All of the above unfortunately manifested in our relationship with the customer, regardless of what we did to gain their trust, and regardless of having already launched two major projects for them.
We got the approval from lead engineers and management to proceed with our plan. We made sure to announce our plans early on, at least one month in advance. We communicated what we want to do, what the advantages will be, and what we will need to succeed from other teams—especially infrastructure engineers. The response from the engineering body was… mild, let’s say. I do not think that anybody from other teams put more thought than “oh, cool ¯\_(ツ)_/¯” into it. It definitely felt that way whenever we reminded that our release day was coming and we would be using this new version of Python, and some infrastructure things would be different from what everyone was used to.
Moreover, even though we were working on the same product and had access to the codebase, we did not receive anything more than that. I understand the production environment,databases and credentials would be guarded against outsiders like us, as that data is really sensitive. That was fair. But we were not able to do anything on the staging environment as well—all installations, upgrades, migrations, bootstrapping and so on would have to be done by someone on the customer’s side. We made sure that there was such a person, and we prepared extensive guidelines and instructions for them, with included prerequisites which would be great to do before the release day.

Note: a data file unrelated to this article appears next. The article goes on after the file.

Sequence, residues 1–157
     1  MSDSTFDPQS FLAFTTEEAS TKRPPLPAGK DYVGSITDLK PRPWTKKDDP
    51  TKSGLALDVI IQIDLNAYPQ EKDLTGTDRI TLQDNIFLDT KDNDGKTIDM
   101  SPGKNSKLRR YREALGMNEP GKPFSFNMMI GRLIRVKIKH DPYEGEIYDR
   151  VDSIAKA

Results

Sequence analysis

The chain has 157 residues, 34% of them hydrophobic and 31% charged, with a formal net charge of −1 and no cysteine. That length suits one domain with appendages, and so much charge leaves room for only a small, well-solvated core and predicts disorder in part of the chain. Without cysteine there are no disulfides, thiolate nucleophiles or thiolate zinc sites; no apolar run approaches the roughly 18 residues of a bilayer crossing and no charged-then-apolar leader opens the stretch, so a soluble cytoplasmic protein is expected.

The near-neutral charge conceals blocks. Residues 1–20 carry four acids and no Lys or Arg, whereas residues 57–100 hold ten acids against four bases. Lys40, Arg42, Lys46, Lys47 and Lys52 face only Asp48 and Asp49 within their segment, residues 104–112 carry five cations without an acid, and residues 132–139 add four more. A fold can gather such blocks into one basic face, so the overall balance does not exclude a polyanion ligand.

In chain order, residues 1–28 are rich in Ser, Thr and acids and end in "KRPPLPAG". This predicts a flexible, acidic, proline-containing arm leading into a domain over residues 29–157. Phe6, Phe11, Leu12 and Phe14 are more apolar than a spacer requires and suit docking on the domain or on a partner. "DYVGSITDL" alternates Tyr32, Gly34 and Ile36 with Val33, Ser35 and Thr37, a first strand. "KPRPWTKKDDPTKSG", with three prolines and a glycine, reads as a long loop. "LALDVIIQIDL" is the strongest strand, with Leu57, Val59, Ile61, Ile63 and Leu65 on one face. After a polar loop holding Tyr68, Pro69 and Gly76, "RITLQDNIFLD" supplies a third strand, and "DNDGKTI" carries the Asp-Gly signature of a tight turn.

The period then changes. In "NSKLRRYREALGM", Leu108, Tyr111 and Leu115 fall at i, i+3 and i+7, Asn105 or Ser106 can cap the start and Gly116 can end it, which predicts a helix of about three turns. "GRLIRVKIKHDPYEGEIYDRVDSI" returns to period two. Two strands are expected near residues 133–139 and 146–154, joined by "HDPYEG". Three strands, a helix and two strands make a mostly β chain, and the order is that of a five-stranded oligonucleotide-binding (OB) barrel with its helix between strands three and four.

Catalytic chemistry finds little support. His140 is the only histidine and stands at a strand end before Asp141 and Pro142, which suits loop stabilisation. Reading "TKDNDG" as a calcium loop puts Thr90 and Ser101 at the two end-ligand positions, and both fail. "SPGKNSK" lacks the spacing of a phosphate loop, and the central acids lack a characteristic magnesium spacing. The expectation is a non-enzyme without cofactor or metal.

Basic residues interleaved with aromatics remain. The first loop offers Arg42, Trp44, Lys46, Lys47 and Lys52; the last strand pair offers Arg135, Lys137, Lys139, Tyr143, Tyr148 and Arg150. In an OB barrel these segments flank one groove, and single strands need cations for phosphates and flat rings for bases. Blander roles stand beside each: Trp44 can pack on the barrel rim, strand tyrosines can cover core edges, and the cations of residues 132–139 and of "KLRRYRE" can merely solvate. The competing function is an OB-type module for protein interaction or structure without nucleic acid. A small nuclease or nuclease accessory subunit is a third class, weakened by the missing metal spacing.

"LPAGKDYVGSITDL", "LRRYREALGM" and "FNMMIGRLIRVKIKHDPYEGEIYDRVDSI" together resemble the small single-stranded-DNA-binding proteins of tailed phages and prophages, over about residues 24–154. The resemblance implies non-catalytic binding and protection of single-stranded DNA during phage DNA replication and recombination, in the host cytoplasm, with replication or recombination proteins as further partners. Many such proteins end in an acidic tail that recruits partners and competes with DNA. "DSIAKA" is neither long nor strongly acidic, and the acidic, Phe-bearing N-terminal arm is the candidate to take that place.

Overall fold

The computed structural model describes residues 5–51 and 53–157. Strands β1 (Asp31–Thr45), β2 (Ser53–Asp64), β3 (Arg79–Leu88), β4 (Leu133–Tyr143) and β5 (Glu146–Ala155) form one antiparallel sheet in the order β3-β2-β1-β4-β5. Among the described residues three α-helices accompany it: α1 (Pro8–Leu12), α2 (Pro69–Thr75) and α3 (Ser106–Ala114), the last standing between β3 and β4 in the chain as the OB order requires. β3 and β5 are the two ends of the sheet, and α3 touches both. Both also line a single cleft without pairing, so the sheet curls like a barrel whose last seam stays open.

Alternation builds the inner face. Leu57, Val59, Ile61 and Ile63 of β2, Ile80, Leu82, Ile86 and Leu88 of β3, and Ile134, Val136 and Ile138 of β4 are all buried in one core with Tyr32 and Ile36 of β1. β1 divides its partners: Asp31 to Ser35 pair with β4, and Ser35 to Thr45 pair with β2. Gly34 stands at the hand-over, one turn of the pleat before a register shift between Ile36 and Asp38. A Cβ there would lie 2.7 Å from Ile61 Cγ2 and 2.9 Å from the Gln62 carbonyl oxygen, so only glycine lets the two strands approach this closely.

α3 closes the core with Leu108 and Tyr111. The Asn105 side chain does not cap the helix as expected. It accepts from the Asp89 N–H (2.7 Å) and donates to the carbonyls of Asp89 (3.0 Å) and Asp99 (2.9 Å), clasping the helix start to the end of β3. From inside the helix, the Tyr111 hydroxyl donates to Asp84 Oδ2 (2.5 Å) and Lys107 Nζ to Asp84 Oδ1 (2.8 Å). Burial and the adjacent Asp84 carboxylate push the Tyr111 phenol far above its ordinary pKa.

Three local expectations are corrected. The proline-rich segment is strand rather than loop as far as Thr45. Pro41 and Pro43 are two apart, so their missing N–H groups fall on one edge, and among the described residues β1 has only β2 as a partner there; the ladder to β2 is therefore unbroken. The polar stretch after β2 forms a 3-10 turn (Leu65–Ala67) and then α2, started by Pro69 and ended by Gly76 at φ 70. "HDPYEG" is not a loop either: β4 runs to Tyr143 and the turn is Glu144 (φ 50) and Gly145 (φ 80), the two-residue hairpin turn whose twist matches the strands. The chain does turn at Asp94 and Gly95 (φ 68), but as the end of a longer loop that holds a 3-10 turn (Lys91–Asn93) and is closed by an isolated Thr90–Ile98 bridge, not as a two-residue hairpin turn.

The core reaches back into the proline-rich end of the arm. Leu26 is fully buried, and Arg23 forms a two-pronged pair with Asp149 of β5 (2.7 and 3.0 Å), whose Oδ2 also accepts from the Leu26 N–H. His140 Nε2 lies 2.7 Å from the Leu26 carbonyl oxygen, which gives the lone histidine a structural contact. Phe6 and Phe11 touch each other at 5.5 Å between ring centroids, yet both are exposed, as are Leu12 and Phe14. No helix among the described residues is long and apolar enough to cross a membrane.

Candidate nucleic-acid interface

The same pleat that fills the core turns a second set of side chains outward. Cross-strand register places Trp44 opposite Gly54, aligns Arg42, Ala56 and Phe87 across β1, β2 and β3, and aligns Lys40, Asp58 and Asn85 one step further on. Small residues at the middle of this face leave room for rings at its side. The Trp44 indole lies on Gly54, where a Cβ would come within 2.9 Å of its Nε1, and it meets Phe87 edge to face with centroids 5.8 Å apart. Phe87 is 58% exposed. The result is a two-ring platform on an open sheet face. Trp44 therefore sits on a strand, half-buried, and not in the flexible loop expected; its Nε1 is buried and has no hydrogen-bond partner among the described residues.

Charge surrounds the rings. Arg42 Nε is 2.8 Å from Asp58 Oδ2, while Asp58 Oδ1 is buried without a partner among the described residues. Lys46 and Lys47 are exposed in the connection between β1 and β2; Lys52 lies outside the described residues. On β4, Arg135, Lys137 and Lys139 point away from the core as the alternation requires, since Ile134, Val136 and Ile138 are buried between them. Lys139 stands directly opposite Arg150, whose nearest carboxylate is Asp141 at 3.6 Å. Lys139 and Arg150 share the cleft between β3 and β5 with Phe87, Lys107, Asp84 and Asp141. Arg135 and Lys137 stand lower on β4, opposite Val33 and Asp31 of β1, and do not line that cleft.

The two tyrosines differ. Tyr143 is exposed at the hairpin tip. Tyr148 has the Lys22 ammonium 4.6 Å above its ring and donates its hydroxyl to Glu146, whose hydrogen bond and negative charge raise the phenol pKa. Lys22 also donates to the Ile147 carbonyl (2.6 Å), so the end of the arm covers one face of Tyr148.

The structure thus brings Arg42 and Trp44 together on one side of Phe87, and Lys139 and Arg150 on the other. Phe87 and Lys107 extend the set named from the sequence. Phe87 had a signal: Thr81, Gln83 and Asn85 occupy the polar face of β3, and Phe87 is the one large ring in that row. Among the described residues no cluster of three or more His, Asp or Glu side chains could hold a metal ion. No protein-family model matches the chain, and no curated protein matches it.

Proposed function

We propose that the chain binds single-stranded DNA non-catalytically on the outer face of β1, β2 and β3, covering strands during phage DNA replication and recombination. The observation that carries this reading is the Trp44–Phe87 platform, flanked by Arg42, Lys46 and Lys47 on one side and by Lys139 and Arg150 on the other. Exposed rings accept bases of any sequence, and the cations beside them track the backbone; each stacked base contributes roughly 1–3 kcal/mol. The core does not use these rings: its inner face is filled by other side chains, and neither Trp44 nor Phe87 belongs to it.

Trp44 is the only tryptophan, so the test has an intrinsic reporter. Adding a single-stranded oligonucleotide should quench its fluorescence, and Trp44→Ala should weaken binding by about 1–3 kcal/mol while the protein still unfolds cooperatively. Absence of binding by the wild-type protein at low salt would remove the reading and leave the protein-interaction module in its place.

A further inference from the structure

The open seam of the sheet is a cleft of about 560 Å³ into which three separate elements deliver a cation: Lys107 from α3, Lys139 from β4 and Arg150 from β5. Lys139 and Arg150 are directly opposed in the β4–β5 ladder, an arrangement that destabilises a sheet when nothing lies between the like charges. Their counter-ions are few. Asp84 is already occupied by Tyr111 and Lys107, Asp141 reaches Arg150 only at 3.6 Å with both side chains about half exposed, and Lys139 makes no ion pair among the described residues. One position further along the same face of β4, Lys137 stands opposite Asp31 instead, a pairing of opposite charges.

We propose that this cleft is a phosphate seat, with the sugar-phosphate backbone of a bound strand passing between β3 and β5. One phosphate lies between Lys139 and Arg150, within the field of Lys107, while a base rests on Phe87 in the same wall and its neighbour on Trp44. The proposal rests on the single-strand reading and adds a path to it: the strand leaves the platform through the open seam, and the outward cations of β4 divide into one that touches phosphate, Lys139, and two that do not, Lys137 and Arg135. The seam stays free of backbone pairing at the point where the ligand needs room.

Unfortunately, that was not sufficient. On that day, we found out that the steps we prepared were not followed at all. After short conversation the customer’s manager decided to postpone the release, which was not something taken easily because of the release process. It is a material for a separate post, but let me just say that due to reasons there could be just one feature release per day, and the next 2 weeks were already booked by other teams. We had to wait—it did not help that we were late on an already stretched deadline.
The next few days before the next release day were spent preparing the engineer from customer’s side and walking them through instructions. When that day came, however, they ran into some issues they could not solve by themselves. It was easy to reproduce and investigate for us, since we were more acquainted with setting the environment up. At the same time, we were not trusted enough to be given access to staging. After spending enough time trying to debug it remotely via Hipchat, we tried to solve this by video calling the other engineer, asking them to share their screen, and telling them in real time what to type.
That attempt at releasing failed as well. It turned out that our code, that worked nicely in our sandboxed development environment, was not compatible with the cloud environment (to which we were explicitly not given access). The release had to be rescheduled once again. This was also the time when customer’s management complained to our management, and one day before the end of my holiday.